The legislature in Wyoming is proposing a resolution for a voluntary ‘phase-out’ of electric vehicle (EV) sales by 2035, in a symbolic move aimed at supporting the state’s oil and gas industry and a response to states such as California and New York, which have said they would ban the sale of new gasoline-powered cars from 2035.
The SJ0004 resolution, ‘Phasing out new electric vehicle sales by 2035’, is introduced by a group of Republican Senators led by Jim Anderson, and says that “phasing out the sale of new electric vehicles in Wyoming by 2035 will ensure the stability of Wyoming’s oil and gas industry and will help preserve the country’s critical minerals for vital purposes.”
“The Legislature would be saying, ‘If you don’t like our petroleum cars, well, we don’t like your electric cars,’” Senator Anderson told Cowboy State Daily, commenting on the proposed resolution.
The resolution calls for people in Wyoming to voluntarily reduce the purchase and use of EVs, but it would be symbolic if passed by the legislature.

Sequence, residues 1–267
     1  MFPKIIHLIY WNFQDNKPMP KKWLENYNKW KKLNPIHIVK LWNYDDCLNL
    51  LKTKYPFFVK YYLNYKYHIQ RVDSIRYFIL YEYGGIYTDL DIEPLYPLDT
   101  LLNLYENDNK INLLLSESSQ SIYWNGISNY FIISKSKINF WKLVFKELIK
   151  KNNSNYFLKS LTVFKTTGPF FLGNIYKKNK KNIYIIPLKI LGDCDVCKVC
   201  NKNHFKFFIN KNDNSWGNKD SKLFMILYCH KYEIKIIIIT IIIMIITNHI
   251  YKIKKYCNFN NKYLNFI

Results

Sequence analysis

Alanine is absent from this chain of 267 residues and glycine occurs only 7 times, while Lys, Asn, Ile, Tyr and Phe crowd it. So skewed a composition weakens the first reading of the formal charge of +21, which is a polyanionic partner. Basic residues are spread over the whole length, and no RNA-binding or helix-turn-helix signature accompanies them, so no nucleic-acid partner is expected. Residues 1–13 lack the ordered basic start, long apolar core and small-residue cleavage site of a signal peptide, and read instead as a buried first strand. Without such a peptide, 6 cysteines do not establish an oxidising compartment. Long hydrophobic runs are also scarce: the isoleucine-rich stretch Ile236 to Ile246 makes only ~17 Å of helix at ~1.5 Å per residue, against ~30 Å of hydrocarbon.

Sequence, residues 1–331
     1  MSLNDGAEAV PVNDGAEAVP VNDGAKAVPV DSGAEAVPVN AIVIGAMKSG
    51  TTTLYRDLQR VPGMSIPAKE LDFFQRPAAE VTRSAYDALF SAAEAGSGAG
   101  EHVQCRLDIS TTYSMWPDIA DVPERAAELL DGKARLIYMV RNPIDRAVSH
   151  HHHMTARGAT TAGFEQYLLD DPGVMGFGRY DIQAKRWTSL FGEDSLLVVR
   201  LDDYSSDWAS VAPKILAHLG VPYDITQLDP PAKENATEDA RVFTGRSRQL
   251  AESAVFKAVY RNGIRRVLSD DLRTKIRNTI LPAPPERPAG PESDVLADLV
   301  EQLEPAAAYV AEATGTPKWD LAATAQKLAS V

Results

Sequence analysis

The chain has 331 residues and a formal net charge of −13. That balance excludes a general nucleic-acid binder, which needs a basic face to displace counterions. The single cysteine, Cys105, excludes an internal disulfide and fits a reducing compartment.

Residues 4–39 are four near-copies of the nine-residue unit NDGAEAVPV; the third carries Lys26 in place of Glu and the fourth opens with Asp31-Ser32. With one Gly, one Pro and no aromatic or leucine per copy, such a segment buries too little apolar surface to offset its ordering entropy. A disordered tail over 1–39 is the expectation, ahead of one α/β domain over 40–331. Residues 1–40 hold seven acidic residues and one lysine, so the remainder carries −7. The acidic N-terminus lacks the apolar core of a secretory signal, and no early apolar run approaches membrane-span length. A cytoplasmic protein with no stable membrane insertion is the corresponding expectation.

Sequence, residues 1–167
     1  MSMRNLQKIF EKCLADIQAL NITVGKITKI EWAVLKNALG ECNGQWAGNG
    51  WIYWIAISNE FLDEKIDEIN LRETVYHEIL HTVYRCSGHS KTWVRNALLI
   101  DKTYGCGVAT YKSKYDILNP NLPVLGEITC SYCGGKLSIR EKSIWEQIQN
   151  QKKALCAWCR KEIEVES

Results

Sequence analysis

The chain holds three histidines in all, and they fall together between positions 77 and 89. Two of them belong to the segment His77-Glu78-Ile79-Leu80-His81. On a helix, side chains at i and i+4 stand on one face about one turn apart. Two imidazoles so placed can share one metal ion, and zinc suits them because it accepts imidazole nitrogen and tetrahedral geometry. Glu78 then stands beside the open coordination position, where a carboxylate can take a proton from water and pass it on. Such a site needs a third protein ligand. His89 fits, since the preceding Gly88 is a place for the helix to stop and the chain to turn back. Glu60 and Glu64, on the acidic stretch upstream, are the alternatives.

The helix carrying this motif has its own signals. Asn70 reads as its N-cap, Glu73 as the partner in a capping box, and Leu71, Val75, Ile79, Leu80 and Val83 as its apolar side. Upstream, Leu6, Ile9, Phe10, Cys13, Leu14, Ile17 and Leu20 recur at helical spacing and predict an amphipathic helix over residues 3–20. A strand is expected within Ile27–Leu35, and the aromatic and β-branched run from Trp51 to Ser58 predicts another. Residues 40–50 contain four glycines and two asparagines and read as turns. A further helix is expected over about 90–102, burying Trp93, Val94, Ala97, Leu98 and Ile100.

Brian Boner, another Wyoming Senator and the co-sponsor of the resolution, told Cowboy State Daily, “I’m interested in making sure that the solutions that some folks want to the so-called climate crisis are actually practical in real life.”
“I just don’t appreciate when other states try to force technology that isn’t ready.”
The sponsors of the resolution say that Wyoming’s grid infrastructure and charging stations cannot handle a surge in EV use unless massive investments are made. They also argue that the critical metals in EV batteries are not easily found and recycled.
Wyoming was the eighth-largest crude oil-producing state in the nation in 2021, accounting for slightly more than 2% of U.S. crude oil output, according to the EIA. The state was also the ninth-largest natural gas producer, and accounted for about 3% of U.S. marketed gas production in 2021.
By Tsvetana Paraskova for Oilprice.com